Anishinabek chief has ‘great respect’ for MP’s ‘integrity’Tim Naumetz
The Ottawa Citizen; with files from The Vancouver Sun
Published: Wednesday, August 15, 2007
Chuck Strahl has shown several aspects of character during his 14 years in the House of Commons and 18 months in cabinet, but two things stand out: he’s got a hard nose, and he’s a fighter.
There’s another side to Mr. Strahl that could be even more important when, as the new Indian affairs minister, he tackles one of the most complex and sensitive issues the government faces.
He’s a sincerely friendly guy –tough as nails, no question, but he can get even the dourest NDP MP smiling at his cracks in the Commons.
A leading figure in Ontario’s aboriginal community was quick yesterday to welcome Mr. Strahl as the successor to Jim Prentice — a tough act to follow as Mr. Prentice is one of the most knowledgeable experts on first-nation affairs and land claims in the country.
“I have a great respect for Strahl’s integrity and I’m confident that the relationship we’ve established will continue under his leadership,” said John Beaucage, grand council chief of the Anishinabek Nation, one of the largest aboriginal political organizations in Canada outside the Assembly of First Nations.
An assistant to Wilton Littlechild, a former Progressive Conservative MP from 1988 to 1993 and AFN regional chief for Alberta, was optimistic, saying Mr. Littlechild, who knows Mr. Prentice well, is also familiar with Mr. Strahl from his role as agriculture minister.
She noted Mr. Harper gave Mr. Prentice the mandate to overhaul the land-claims process and end the glacial pace of settlements, and Mr. Strahl is expected to get similar support from the prime minister.
Doug Kelly, grand chief of the Sto:lo First Nation, said he was nervous when he heard Mr. Prentice could be bumped of the post. But he’s heartened that Mr. Strahl is taking over, given that he has worked and dealt with the First Nations as an MP for Chilliwack-Fraser Canyon and has the “sensitivity and commitment” to move into the job.
“While (Mr. Prentice) was the most powerful Minister of Indian affairs we had for some time, he was also the most invisible,” Mr. Kelly said. “He was so busy with other demands, our issues didn’t always make the top of his agenda.”
Mr. Strahl became renowned as agriculture minister for his controversial and long-running battle to loosen the grip the Canadian Wheat Board has over grain marketing in western Canada, losing a battle in that war earlier this month when a Federal Court judge derailed the government’s attempt to end the board’s monopoly on barley sales without parliamentary approval.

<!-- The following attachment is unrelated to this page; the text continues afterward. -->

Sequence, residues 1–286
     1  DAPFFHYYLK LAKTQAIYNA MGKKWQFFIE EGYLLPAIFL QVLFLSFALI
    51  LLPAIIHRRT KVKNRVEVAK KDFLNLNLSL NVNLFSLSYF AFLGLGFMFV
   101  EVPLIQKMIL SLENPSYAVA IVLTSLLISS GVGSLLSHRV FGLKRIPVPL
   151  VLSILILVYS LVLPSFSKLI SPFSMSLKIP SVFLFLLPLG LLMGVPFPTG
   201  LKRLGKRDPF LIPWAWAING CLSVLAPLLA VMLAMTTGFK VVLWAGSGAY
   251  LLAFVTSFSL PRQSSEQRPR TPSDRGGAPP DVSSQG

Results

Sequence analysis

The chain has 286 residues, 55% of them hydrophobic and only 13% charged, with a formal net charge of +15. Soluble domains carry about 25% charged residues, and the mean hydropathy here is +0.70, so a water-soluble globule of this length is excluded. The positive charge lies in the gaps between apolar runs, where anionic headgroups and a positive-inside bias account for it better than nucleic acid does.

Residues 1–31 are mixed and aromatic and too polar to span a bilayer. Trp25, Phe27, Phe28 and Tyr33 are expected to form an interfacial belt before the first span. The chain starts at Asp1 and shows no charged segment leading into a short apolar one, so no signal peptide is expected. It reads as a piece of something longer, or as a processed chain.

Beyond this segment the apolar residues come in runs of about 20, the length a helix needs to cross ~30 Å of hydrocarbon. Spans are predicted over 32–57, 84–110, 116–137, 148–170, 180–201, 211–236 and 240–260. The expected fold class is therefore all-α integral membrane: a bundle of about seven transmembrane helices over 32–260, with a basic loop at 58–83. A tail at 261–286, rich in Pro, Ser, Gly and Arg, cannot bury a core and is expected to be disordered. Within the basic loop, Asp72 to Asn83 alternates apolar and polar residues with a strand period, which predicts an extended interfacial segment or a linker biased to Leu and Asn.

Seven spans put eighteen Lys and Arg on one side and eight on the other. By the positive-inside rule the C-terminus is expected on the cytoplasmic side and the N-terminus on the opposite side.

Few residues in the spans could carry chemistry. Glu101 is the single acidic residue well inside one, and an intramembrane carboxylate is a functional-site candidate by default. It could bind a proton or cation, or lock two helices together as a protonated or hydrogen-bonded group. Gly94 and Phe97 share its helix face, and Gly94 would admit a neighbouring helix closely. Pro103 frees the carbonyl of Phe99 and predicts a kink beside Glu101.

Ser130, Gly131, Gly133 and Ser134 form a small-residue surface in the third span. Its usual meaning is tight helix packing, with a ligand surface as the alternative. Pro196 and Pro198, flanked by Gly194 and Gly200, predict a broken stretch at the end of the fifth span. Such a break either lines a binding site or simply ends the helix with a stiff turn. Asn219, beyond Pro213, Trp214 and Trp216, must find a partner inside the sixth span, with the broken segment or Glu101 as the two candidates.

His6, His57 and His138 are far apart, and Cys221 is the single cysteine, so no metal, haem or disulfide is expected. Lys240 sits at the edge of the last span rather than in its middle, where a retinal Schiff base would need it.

NDP leader Jack Layton called for Mr. Strahl’s dismissal over the ruling, though that had nothing to do with the portfolio change yesterday. Mr. Harper simply needed Mr. Prentice, one of his closest ministers if not the closest, for a different job.
But it was when Mr. Strahl was in opposition that his strong character first gained national attention.
Even though he privately and humourously describes himself as a thespian, having dabbled in drama at Trinity Western University in B.C., his electors likely already were aware of his capacity to take on tough jobs, including the logging-yard work he did as a young man that finally caught up to him in 2005.
The fibres he breathed in from the asbestos-lined brakes on the log haulers led to a diagnosis that year of mesothelioma, a malignant cancer that attacks the membrane around the lungs and is so rare it has been found in only a few hundred Canadians. If you have recently found out that you have mesothelioma then go to this page to see what you can do to start getting better.
Mr. Strahl began treatment, and never looked back, campaigning for asbestos awareness while picking up the same pace that made him such a successful politician following his initial appearance as a Reform MP on Parliament Hill in 1993. His talks acquired a standard line — that he couldn’t even pronounce the name of the cancer that struck him.
A year after his diagnosis, soon after Mr. Harper picked him for one of the most demanding jobs in cabinet, a Vancouver Sun story headlined him as “The unstoppable Chuck Strahl.”